How can you discriminate between behavioral variant frontotemporal dementia and psychiatric disorders with similar behavioral changes, such as apathy, disinhibition, reduced empathy, or compulsions? Which neuropsychological tests are useful?
Review highlights from 2 experts' presentations on identifying and treating tardive dyskinesia. Quotes from actual patients illustrate the embarrassment that they feel and show why even mild movements should be treated if patients are distressed by them.
If your patient is having myoclonic jerks, consider the combination of drugs being administered and how they may work on similar receptors. Learning the pharmacokinetic genetics of your patient, eg, an intermediate metabolizer of CYP2D6, is also helpful.
Meaningful benefits can be derived from the evaluation of cognition in older adults when there is possible cognitive impairment and dementia. Here, experts explain how brief cognitive assessment tools and neuropsychological evaluations can aid diagnosis and inform a management plan.
Disclosing a diagnosis of dementia can be one of the most challenging aspects of care for clinicians. However difficult the diagnosis is to give, disclosing the diagnosis in a timely fashion, accompanied by psychoeducation and care planning, is beneficial to patients and their care partners. Disclosure provided as early as possible increases the likelihood for patients to be involved in decision-making and planning for their future and allows care options to be implemented sooner. In this CME activity, learn about using patient-centered communication and following a structured process to disclose the diagnosis.
Extrapyramidal side effects have been identified as frequent side effects of antipsychotics in RCTs with highly selected subjects, but how common are they in nonselected samples? This national multicenter study of outpatients with schizophrenia was conducted to determine the prevalence and correlates of EPS in real-world settings.
Could valbenazine help your patients who experience antipsychotic-induced abnormal movements? This follow-up analysis of a phase 3 study provides further insights into the efficacy of valbenazine for tardive dyskinesia by extending the analysis to include odds ratios and number-needed-to-treat statistics.
Tamsulosin, used to treat benign prostatic hyperplasia, was associated in a recent study with an increase in the risk of incident dementia. In this installment of his column, Dr Andrade uses that study as a point of departure to show ways in which readers can think more critically about study methodology when interpreting results.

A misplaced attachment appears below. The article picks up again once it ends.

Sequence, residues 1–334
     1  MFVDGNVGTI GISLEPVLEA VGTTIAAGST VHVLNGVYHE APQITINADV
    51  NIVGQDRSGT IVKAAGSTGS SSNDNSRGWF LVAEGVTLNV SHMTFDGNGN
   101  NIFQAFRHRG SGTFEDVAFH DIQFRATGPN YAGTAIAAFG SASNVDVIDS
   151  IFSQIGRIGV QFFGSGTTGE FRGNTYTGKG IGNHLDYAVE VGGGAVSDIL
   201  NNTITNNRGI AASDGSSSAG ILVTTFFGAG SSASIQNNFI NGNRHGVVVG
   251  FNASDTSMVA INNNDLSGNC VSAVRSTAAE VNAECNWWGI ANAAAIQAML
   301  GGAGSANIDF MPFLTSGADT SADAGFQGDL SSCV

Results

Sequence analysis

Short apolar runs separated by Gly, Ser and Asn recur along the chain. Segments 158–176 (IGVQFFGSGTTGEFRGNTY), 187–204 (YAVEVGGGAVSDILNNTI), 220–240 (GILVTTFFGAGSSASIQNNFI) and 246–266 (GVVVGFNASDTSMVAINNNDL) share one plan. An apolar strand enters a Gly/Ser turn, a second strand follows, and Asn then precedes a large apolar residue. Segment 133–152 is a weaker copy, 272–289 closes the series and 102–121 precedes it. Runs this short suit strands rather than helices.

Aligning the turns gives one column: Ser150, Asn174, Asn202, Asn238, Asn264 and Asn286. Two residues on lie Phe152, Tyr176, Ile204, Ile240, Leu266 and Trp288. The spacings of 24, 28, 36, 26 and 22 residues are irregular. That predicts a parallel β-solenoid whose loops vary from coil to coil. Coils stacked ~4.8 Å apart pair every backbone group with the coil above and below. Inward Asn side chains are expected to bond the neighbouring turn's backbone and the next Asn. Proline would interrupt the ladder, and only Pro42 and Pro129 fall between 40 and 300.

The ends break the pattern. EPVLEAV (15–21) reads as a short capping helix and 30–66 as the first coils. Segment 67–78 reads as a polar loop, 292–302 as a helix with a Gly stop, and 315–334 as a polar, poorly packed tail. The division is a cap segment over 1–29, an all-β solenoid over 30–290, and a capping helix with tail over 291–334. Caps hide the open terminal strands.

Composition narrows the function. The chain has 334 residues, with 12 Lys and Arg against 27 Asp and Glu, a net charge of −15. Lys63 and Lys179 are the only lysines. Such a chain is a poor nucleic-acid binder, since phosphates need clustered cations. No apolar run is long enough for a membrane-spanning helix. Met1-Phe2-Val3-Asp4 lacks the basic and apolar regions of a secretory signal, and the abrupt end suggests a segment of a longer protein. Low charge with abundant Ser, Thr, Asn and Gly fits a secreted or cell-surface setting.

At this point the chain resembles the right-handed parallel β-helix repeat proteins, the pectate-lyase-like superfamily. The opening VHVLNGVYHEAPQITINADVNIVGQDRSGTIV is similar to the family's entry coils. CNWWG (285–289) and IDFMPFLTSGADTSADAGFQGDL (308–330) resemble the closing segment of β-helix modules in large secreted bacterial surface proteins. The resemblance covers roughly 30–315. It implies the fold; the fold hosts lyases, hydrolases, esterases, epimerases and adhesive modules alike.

Pediatric acute-onset neuropsychiatric disorder (PANS) is characterized by abrupt onset of obsessive-compulsive disorder and/or food restriction with 2 or more similarly debilitating neuropsychiatric symptoms. Read this article to learn about caregiver burden with this disorder and how it may change over time.
Baclofen, a French Exception, Seriously Harms Alcohol Use Disorder Patients Without Benefit
To the Editor: Dr Andrade’s analysis of the Bacloville trial in a recent Clinical and Practical Psychopharmacology column, in which he concluded that “individualized treatment with high-dose baclofen (30-300 mg/d) may be a useful second-line approach in heavy drinkers” and that “baclofen may be particularly useful in patients with liver disease,” deserves comment.1
First, Andrade failed to recall that the first pivotal trial of baclofen, ALPADIR (NCT01738282; 320 patients, as with Bacloville), was negative (see Braillon et al2).
Second, Dr Andrade should have warned readers that Bacloville’s results are most questionable, lacking robustness. Although he cited us,3 he overlooked the evidence we provided indicating that the Bacloville article4 was published without acknowledging major changes to the initial protocol, affecting the primary outcome. Coincidentally (although as skeptics, we do not believe in coincidence), the initial statistical team was changed when data were sold to the French pharmaceutical company applying for the marketing authorization in France. As Ronald H. Coase warned, “If you torture the data long enough, it will confess.”